Battlefield medical technology
About 200,000 of the HemCon bandages are to be distributed to soldiers in Iraq and Afghanistan. The Navy, Marine Corps and Air Force distribute QuikClot. (Sun photo by John Makely / November 15, 2005)
Sun special reports on the U.S. military's use of tourniquets and different types of bandages in combat zones
November 20, 2005
The U.S. Army is launching a multimillion-dollar campaign to equip all its combat troops with a futuristic bandage designed to stop massive bleeding from battlefield injuries, despite doubts about its effectiveness and the development of a cheaper product that many scientists believe works better.
May 2, 2005
As the Pentagon begins a hurried effort to distribute modern tourniquets to every soldier and Marine in Iraq and Afghanistan, the Army and the Marine Corps also have decided to make the simple medical tools standard equipment for more than 1 million service members throughout the world.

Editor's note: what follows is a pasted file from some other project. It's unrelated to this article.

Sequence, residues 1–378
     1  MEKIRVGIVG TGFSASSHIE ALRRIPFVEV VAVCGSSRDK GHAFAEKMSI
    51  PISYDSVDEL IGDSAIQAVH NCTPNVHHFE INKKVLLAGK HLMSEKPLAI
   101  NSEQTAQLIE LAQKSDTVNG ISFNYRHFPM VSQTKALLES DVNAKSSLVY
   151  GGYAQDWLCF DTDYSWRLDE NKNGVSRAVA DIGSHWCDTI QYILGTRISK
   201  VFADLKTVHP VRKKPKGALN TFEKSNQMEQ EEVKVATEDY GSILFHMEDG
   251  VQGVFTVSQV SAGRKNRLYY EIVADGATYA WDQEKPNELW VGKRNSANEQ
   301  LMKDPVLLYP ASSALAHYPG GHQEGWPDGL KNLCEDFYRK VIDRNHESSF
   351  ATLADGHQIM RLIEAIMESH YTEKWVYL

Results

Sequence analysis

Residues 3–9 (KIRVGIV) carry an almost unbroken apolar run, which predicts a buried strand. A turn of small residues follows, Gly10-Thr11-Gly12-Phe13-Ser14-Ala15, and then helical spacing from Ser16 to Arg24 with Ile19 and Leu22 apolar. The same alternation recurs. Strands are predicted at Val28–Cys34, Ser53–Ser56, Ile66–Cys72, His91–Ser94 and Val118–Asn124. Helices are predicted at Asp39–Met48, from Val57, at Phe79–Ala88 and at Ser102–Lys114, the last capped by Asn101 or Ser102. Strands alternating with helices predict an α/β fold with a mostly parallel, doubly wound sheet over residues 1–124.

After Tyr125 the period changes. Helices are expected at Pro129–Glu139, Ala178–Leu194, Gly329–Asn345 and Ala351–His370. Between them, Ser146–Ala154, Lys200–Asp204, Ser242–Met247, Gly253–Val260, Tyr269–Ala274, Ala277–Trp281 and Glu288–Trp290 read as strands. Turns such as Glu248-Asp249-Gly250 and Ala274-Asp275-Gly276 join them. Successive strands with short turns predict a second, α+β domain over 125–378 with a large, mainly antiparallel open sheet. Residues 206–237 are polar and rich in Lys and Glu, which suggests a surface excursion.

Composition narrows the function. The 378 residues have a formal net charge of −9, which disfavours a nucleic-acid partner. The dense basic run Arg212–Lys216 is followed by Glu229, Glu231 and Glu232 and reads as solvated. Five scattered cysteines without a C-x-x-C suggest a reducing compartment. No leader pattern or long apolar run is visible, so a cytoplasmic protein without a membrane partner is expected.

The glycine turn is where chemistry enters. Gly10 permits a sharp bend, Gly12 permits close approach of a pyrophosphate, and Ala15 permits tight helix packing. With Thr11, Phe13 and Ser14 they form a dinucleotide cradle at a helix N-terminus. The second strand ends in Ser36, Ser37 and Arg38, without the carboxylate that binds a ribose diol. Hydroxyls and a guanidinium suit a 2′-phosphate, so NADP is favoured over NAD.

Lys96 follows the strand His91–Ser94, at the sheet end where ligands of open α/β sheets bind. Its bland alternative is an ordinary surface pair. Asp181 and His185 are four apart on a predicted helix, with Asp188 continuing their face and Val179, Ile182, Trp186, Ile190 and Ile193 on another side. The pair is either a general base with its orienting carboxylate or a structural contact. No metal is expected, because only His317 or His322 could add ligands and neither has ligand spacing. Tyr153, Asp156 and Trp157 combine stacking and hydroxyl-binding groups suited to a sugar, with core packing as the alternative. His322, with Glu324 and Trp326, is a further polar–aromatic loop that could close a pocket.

March 18, 2005
WASHINGTON - The Army has ordered an additional 172,000 modern tourniquets for soldiers in Iraq and Afghanistan, and it will begin distributing them next month, with the expectation that each soldier will be equipped with the life-saving device sometime this summer, officials said.
March 14, 2005
John Stevens, Towson: I learned in [the] Boy Scouts how to make a tourniquet out of a belt or scarf and a stick. What's the difference between something like this and the $20 tourniquets? Won't both do the same thing?
March 13, 2005
WASHINGTON - Faced with pressure from Congress, the Army has decided to quickly dispatch modern tourniquets to troops in Iraq and Afghanistan and those soldiers set to deploy, more than two years after military doctors recommended that every soldier carry one.
March 10, 2005
Members of the U.S. Senate called on the Pentagon and Army officials yesterday to investigate why soldiers in Iraq continue to go into battle without the modern tourniquets that military leaders told them to carry two months ago - and that military surgeons and medical specialists have recommended for more than two years.
March 6, 2005
Even after the bullet cut through his leg and severed his femoral artery, 1st Lt. David R. Bernstein had a chance. The shooting stopped quickly, and a soldier trained in combat medical care was at Bernstein's side almost immediately. Helicopters landed, and minutes later the young platoon leader was surrounded by four surgeons and all the equipment of a modern battlefield trauma center.